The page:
• Page 6
  • Reflects back on their original hypothesis and states whether they were correct or not.
  • Includes specific data that was collected.
  • Lots of inferences and conclusions based on the data that was found.
  • Additional questions for next time. Where could I go from here?
  • Our Example:

The results of our investigation supports that our hypothesis was correct. The

material a spoon is made of does affect the amount of heat transfer that occurs by

thermal conduction.

Our data indicates that more heat transferred to the metal spoon after sitting in hot water for 1 minute. This is evident in the data collection table which shows that the temperature gained by the metal spoon was 13°C, the plastic spoon was 5°C, and the wooden spoon was 11°C.

I can infer that metal is a better thermal conductor of heat than plastic or wood. This information helps me realize which materials are better thermal conductors and which ones are better thermal insulators. Now I understand that my spoon got hot after sitting in my cup of hot tea because the heat transferred from the hot tea to my metal spoon by direct contact or thermal conduction.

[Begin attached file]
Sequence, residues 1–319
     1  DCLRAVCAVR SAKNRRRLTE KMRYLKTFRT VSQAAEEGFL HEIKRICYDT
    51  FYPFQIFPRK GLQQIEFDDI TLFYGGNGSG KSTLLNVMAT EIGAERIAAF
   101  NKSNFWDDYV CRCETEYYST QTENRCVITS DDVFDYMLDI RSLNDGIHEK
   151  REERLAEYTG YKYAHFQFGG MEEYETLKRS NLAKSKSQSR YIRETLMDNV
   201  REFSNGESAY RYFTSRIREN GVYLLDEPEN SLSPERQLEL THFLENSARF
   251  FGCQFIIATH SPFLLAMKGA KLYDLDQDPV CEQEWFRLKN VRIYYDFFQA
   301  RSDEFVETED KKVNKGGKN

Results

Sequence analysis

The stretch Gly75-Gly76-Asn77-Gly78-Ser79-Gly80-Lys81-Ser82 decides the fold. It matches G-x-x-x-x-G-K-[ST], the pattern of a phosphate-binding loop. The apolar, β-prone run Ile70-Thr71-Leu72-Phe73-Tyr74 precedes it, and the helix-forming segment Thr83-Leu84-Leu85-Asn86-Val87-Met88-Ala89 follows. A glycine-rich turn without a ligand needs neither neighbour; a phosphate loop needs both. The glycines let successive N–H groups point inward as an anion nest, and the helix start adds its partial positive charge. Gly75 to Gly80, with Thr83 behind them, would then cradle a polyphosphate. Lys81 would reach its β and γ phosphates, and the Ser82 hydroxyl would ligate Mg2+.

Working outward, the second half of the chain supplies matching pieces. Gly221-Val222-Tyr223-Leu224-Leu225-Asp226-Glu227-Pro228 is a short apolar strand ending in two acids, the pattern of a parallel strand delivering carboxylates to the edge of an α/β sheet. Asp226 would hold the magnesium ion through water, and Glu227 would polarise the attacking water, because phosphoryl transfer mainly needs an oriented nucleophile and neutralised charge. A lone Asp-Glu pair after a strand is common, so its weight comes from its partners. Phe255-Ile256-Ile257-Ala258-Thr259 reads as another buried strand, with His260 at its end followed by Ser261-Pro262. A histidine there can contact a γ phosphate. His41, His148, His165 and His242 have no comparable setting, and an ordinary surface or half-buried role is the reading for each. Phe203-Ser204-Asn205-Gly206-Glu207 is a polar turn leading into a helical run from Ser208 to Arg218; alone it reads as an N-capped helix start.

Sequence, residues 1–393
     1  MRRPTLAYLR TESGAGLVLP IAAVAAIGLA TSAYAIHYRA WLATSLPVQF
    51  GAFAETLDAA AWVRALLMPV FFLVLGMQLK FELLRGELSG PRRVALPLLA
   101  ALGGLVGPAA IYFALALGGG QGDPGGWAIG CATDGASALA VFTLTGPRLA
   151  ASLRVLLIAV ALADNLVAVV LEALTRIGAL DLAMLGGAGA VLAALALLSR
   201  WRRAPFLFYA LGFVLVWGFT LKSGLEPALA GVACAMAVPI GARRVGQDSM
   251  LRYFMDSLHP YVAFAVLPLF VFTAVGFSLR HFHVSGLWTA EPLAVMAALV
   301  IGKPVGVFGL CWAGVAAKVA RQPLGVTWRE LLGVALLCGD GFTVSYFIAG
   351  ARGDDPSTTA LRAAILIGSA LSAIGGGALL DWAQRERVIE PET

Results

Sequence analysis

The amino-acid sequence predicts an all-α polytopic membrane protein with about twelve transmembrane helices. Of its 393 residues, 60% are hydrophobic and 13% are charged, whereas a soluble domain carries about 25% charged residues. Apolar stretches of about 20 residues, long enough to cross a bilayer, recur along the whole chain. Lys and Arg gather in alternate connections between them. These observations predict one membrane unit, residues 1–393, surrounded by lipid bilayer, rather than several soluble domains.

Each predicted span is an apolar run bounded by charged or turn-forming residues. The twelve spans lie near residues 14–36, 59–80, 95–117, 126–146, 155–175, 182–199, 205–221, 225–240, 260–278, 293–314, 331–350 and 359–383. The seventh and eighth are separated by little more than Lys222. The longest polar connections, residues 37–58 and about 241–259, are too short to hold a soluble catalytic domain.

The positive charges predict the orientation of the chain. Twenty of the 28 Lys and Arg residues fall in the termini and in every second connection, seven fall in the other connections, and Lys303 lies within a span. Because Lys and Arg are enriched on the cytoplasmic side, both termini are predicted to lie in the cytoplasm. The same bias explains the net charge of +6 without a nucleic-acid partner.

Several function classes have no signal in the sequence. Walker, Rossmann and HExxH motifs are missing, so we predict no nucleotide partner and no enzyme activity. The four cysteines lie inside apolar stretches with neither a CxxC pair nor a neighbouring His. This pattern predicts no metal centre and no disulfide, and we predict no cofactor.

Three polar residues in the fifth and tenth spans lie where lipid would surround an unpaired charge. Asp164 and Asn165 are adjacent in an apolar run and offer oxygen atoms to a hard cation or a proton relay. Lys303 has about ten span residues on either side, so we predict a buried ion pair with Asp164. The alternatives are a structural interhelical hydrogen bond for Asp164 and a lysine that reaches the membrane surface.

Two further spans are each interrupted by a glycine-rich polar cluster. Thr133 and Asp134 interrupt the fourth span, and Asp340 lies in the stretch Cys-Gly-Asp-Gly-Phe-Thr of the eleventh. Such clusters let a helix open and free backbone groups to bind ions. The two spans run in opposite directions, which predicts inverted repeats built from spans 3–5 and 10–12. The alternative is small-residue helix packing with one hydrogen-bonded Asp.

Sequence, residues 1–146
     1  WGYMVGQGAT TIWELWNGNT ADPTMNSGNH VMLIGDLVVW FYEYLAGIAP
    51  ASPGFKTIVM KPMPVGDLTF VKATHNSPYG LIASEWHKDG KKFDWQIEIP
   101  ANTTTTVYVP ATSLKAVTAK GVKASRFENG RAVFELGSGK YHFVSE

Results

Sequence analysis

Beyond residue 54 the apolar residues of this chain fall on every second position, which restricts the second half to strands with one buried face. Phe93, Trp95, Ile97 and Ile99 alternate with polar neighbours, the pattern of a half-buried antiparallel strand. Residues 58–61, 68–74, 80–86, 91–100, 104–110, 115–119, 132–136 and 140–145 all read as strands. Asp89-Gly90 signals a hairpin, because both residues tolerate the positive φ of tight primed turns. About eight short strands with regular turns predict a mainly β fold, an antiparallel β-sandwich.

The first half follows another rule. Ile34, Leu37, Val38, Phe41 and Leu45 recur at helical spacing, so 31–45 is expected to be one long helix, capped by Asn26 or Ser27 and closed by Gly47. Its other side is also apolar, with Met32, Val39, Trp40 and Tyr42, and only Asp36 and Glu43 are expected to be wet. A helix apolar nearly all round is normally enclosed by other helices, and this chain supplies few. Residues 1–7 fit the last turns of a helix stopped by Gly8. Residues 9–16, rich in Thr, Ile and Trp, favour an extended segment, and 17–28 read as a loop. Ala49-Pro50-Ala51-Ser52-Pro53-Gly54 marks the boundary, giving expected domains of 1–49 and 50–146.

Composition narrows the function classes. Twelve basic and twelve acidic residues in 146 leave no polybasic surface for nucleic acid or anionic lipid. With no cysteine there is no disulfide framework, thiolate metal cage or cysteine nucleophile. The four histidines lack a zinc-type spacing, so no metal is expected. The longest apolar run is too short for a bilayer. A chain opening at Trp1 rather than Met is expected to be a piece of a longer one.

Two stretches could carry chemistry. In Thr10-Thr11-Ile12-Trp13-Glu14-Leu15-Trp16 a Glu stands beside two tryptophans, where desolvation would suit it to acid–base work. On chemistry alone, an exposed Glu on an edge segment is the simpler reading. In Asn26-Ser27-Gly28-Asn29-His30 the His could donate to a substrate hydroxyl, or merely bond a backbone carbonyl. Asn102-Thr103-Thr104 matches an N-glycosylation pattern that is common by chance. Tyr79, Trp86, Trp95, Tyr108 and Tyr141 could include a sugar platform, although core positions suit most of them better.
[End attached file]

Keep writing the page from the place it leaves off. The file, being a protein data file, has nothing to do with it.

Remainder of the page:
I wonder if different types of metal spoons make a difference in the amount of heat transfer that takes place by thermal conduction.

  • Page 6
display board
Display Board
  • Things do not have to be typed but it is highly recommended.
  • Follow the chart on page 2 of your packet.
  • Can include pictures from experiment but try to leave student’s face out for judging.
  • Board can be colorful but keep it professional.
  • Put name ON BACK of display board for judging.
what we want
What We Want…


questions or concerns
Questions or Concerns
  • Joel Dager


  • Meg Zerhusen


  • Beth Reighart


  • Chantay Canteen


  • See Warren’s Website!


Please return all folders on the way out. I will stick around to answer any questions that you have.